CHICAGO – Imagine that you are an elected member of the United States House of Representatives in the middle of the debate on the health-care reform act that was passed in 2010. In a House committee meeting, you learn before anyone else that a proposed public-insurance option – a program that would compete with private insurance – will not be included. This information will have a large impact on health-care companies’ stock prices. Can you trade these companies’ shares before it is made public?
Morally, it is difficult to separate this example from traditional cases of corporate insider trading. Yet no law prohibits the practice. The US Congress – the legislative branch of the country’s government – effectively exempts itself from the normal rules of insider trading. Congress and the US Supreme Court are the only federal agencies whose employees may, without restrictions, trade stocks based on non-public information. All other US government employees who traded on privileged information of the type described above would be acting illegally.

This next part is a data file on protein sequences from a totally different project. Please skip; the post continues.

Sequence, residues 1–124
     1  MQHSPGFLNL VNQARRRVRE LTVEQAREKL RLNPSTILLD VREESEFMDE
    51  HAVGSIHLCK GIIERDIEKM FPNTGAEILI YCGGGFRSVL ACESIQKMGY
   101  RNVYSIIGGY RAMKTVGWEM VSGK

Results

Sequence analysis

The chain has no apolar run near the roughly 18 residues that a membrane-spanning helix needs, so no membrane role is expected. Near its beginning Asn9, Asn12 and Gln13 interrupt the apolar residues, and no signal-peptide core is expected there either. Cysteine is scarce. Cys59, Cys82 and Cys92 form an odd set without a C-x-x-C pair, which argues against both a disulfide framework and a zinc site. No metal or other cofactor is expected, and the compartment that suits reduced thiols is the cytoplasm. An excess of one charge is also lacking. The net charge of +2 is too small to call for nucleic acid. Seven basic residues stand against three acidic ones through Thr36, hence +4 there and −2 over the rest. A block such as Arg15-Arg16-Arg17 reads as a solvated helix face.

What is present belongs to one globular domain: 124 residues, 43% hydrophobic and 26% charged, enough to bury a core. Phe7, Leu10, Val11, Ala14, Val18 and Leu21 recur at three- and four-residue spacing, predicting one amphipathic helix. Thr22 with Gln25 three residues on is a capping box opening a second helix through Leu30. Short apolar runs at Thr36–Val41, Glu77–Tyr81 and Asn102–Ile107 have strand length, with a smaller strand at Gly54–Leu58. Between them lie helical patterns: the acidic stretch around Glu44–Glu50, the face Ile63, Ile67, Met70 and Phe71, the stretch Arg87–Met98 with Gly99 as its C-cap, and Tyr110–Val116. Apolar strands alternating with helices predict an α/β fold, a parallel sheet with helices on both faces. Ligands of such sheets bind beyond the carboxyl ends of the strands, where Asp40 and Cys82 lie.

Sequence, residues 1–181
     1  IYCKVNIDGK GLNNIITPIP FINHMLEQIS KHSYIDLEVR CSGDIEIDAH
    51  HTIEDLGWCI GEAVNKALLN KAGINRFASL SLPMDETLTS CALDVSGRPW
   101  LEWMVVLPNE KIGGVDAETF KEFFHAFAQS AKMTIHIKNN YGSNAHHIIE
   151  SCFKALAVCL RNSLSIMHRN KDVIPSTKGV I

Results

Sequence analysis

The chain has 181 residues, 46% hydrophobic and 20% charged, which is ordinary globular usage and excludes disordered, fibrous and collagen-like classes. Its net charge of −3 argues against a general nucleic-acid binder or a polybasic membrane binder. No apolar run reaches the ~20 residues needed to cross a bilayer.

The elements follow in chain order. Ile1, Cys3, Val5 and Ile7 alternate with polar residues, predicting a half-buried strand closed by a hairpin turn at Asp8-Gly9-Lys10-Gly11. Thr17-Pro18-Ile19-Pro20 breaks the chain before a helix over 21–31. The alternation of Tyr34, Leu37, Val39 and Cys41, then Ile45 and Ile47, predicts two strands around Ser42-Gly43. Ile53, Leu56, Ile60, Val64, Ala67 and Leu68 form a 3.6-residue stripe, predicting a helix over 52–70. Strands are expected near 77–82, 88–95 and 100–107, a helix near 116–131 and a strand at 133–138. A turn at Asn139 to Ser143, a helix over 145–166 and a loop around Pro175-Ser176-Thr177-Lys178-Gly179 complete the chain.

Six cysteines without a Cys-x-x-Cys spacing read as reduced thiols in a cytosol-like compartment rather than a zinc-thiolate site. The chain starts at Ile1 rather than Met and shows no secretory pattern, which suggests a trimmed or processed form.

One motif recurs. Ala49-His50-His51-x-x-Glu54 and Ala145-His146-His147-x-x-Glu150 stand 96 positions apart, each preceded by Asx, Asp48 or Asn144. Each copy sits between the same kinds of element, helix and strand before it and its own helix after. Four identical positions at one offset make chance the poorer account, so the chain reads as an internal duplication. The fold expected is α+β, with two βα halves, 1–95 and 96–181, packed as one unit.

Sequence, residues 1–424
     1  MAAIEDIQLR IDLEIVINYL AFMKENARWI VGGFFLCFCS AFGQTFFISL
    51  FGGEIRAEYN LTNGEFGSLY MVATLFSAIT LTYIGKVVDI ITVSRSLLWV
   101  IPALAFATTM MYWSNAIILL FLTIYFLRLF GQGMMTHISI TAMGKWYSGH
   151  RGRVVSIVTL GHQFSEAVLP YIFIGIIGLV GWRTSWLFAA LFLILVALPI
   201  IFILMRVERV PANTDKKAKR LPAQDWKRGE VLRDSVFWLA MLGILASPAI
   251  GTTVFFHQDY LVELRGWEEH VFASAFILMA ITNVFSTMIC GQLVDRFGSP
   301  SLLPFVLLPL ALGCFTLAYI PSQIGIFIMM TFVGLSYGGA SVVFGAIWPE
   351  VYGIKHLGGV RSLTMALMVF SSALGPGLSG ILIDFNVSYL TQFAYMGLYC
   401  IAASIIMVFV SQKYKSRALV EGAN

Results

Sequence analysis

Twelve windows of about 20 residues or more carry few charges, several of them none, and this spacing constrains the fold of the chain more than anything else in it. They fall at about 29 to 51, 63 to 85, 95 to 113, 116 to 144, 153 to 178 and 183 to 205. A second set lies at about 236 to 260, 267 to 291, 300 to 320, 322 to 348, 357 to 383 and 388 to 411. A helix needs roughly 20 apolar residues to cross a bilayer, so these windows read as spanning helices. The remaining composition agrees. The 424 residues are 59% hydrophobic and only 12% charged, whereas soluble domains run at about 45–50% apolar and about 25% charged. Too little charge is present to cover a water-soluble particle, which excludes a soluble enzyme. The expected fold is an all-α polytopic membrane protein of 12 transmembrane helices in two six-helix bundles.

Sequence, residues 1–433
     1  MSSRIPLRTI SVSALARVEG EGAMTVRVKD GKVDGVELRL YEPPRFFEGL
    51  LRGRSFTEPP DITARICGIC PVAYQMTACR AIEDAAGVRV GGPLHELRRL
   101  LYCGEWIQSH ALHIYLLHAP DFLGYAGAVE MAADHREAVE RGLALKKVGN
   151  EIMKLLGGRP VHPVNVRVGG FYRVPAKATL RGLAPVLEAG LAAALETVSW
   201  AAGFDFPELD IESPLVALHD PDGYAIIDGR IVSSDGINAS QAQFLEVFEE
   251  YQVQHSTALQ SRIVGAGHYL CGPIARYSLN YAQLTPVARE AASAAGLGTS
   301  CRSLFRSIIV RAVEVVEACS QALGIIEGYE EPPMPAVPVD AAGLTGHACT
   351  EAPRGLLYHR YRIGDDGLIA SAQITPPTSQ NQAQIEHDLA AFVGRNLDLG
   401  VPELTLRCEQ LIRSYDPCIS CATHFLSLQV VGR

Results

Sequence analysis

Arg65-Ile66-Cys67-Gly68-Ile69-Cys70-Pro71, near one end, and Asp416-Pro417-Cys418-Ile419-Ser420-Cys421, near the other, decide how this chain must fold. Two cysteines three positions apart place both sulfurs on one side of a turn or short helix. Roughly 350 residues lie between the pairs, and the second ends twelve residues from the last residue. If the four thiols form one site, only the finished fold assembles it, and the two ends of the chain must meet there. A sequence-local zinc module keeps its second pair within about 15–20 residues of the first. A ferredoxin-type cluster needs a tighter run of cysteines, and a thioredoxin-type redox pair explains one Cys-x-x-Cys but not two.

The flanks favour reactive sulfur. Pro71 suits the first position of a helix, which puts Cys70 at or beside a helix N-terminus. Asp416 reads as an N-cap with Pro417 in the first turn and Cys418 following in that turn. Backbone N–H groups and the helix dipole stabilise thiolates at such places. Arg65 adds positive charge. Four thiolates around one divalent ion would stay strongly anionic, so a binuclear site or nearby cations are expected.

Not only can members of Congress legally trade on confidential information; they do, despite the potential cost to their reputations. The US television program 60 Minutes recently reported that several current members of Congress allegedly used confidential information that they acquired on the job for personal gain. While the nexus between the privileged information and the trading is difficult to prove (as it is in most insider trading cases), the timing is highly suspicious.
But it is difficult to challenge this congressional “privilege” in the US, in part because insider trading is an ambiguous concept under US law, with no statutory definitions of the terms “insider,” “inside information,” or “insider trading.”